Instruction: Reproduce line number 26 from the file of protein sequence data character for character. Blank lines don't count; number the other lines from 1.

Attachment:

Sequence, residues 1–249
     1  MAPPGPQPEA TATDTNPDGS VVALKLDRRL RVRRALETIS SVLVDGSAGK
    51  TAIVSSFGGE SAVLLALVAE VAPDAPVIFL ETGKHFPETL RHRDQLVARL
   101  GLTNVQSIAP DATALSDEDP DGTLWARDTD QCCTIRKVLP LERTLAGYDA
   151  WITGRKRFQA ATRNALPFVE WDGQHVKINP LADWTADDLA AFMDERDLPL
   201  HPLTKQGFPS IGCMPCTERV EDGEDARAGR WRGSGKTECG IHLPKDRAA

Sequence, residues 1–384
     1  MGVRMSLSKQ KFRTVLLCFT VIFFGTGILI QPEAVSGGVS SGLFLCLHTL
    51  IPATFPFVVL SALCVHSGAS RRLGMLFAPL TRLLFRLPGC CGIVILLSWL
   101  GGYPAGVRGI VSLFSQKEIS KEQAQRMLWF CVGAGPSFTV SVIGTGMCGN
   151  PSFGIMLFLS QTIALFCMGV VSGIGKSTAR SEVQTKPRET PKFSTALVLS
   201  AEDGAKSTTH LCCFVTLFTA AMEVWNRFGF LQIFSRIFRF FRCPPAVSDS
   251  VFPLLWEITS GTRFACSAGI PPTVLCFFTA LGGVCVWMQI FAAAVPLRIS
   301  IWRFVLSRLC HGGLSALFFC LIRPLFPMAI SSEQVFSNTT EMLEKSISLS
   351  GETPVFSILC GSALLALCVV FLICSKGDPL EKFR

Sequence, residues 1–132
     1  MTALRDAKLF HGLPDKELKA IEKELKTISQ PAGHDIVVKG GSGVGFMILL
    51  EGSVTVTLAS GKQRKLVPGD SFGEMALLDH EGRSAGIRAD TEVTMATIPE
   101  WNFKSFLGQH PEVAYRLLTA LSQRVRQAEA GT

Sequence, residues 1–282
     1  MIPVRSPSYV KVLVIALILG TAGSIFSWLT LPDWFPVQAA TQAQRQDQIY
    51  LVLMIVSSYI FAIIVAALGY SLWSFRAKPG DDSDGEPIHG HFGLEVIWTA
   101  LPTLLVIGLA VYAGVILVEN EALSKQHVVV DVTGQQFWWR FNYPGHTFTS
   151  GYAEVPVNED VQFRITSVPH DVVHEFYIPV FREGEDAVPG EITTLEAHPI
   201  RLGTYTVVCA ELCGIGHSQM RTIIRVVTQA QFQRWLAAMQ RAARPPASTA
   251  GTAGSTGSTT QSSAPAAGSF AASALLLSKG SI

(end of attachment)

   251  GTAGSTGSTT QSSAPAAGSF AASALLLSKG SI